Whether or not you are feeling unsure about your application, it’s worth taking the extra time to make one more review.
The VA website has numerous resources that can help you, including an FDC walkthrough and checklist. If you need one-on-one help filing a claim or an appeal, there are multiple sources you can turn to, both within the VA and outside. A mesothelioma lawyer who has been accredited by the VA can be a tremendous source of help during this process.
Step 6: File Your VA Disability Claim
With everything complete, it’s time to get the claims process going. If you qualify, you can complete and submit the process online, or you can take your application in-person to a VA benefits office.
Claims can also be completed by mailing an Application for Disability Compensation and Related Compensation Benefits (VA form 21-526EZ) to:
Department of Veterans Affairs
Claims Intake Center
PO Box 4444
Janesville, WI 53547-4444
The VA will notify you that it has received your claim regardless of how you file:
- An on-screen message serves as notification after an Internet submission.
- A message will show up about an hour after submission if you file through eBenefits.
- If you mail your application, you’ll receive a letter about a week, plus mailing time, from when the VA receives your claim.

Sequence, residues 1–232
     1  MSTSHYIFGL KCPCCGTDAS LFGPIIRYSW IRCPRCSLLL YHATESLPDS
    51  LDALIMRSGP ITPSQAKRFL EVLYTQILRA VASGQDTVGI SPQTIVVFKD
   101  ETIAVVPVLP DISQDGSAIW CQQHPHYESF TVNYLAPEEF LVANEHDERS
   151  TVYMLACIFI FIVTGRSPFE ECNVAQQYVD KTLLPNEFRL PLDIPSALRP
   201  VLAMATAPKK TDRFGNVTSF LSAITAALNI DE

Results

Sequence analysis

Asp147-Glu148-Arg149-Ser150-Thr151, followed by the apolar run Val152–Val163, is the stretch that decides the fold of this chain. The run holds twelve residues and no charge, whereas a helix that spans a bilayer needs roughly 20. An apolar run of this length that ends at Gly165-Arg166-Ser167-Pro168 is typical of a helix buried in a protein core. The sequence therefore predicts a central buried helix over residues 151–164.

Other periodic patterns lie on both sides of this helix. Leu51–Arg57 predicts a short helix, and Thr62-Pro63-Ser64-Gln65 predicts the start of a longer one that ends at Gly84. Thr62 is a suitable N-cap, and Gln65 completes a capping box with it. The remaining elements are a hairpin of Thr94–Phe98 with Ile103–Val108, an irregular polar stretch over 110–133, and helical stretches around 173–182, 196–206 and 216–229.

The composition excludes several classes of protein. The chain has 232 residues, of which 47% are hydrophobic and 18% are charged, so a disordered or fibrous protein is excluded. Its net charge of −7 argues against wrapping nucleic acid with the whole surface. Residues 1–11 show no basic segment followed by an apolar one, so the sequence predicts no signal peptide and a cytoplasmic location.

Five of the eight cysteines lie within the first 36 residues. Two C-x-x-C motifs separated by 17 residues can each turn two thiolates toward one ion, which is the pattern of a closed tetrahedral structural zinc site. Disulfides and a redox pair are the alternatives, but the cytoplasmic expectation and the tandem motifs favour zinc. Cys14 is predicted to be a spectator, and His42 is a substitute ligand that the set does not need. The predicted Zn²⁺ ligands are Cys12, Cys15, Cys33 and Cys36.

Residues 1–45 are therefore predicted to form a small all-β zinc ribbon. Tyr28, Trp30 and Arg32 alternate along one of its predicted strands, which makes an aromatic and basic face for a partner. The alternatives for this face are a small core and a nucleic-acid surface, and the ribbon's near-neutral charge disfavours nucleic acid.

It takes about 84.5 days for the VA to complete disability-related claims as of November 2019.
Get Help Filing VA Benefits
Navigating the tangle of paperwork required to claim your disability compensation from the VA can feel daunting and overwhelming. That can especially be the case if a veteran or his or her loved one is living with a mesothelioma diagnosis.
In addition to your VA benefits, you have a right to hold responsible the asbestos-containing product manufacturers that caused your mesothelioma. Separate asbestos trust funds have been established for this. If you file your asbestos trust fund claim with the help of a lawyer, it is important that you coordinate your VA claim with an attorney.
The staff at the Mesothelioma Veterans Center can assist you with finding an attorney if you do not already have one. We can also help you with the claims process and ease some of the burden in this uncertain time.